ii. Taize Service with Music by The Almost

Jesus, Jesus, there’s something about Your name. Master, Savior, there’s something about Your name.


The warm CD offers familiar hymns and our eyes fix on the uniform whiteness shining in the meek, disparate orbs— red, green, smooth, cracked—dusty candle holders brought from churches all over the city. Neither Jew nor Gentile, slave nor free . . . floats above the candle cross in Portuguese, French, English, and German, followed by Trust in the Lord with all your heart and lean not on your own understanding in languages as mottled as stained glass. Prayers rise in sackcloth from the ashen circle as the music soothes, Master, Savior, Jesus, Jesus. Surprised, we recognize each supplication, the words filling the footprints on our tongues— deep, crusted prints on well-traveled highways.


Colossians and Jeremiah then mix in linguistic litanies over the candles, the light revealing our waxy skin and our wick-black eyes made white by the cross.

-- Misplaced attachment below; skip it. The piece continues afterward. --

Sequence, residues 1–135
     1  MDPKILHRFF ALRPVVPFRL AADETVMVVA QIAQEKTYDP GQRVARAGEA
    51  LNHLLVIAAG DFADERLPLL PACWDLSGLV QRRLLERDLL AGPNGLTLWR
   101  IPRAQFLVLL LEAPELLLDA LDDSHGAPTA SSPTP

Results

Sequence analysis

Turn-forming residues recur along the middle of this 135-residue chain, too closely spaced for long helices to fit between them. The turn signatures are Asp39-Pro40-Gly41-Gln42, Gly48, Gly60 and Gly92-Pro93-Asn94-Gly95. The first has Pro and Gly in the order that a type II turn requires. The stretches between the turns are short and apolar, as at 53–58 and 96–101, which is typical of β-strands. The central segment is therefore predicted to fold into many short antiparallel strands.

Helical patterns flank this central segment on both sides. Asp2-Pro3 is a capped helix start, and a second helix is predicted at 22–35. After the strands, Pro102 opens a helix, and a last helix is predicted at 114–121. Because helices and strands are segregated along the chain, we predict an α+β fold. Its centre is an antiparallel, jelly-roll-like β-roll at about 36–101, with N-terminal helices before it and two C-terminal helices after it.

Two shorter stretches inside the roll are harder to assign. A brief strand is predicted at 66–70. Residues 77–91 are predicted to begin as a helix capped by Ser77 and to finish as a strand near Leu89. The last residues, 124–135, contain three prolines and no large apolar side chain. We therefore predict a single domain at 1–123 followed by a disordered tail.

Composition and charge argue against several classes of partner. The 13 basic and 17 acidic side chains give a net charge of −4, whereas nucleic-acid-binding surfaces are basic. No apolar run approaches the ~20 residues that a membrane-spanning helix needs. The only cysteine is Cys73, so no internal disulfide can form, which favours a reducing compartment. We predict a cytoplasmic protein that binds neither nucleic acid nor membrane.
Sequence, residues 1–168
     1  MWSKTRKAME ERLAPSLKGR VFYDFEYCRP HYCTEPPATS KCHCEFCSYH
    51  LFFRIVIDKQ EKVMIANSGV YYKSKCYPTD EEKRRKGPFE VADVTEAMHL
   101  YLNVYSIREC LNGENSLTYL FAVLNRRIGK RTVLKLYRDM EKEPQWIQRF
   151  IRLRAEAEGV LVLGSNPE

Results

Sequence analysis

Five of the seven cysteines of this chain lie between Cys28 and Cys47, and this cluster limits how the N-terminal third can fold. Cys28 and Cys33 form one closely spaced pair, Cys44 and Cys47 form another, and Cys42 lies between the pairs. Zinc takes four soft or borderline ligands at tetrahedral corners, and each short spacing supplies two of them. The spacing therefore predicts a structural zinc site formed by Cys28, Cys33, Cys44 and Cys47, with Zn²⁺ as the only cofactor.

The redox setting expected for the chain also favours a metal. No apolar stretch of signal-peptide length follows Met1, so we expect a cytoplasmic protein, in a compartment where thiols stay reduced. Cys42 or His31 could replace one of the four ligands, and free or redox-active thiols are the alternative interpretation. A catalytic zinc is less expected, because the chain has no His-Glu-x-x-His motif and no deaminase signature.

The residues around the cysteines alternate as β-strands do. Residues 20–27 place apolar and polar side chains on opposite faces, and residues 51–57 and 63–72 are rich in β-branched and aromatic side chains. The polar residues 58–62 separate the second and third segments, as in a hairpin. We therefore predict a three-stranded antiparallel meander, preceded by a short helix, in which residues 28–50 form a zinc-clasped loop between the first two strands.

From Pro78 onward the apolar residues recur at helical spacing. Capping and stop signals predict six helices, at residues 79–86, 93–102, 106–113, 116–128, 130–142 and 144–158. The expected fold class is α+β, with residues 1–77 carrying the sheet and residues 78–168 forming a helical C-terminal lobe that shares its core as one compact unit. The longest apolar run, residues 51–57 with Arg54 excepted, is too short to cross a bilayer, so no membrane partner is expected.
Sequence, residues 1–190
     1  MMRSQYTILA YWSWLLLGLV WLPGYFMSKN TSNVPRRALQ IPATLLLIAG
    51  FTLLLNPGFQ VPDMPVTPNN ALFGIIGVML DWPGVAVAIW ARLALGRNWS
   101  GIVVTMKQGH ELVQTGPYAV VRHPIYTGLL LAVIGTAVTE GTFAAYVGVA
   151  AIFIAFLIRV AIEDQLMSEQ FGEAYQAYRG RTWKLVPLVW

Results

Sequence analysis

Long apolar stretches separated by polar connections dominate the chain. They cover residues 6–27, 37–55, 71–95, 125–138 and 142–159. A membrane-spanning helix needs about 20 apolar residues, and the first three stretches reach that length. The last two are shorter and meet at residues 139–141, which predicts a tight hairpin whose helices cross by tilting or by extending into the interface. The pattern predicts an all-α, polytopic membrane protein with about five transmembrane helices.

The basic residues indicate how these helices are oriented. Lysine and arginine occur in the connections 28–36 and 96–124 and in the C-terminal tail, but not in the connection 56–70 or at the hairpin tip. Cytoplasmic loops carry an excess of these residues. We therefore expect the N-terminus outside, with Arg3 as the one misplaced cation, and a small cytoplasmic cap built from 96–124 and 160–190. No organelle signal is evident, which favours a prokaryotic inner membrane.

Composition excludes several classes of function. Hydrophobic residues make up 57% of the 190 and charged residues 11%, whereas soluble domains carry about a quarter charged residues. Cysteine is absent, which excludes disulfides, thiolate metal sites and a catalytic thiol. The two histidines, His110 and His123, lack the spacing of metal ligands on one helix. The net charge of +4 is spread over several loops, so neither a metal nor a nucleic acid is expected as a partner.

Our rejoicing lips sing songs of repentance and salvation in the name of our Lord and Savior.

Jesus, Jesus, there’s something about Your name. Master, Savior, there’s something about Your name.





Asphalt Pews

Beside the D.C. beltway, worship rises to the staccato rhythms of backhoes, rush hour horns, and the soprano squeals of cars. From asphalt pews, I witness crows and sparrows line-sing hymns on overpass choir lofts. Yellow tulips demarcate invisible altars, where gnarled dogwoods bow, offering wide spreads of gem-shaped petals. Split-rail fences lift silent supplications, their dried-out beams recalling the desert and the prophets who prepared His way, while

Allegheny mound ants testify, laboring on fifteen-foot temples. Over crumbling stone walls, gingko leaves preach their neglected theology— wordless sermons of wind-dancing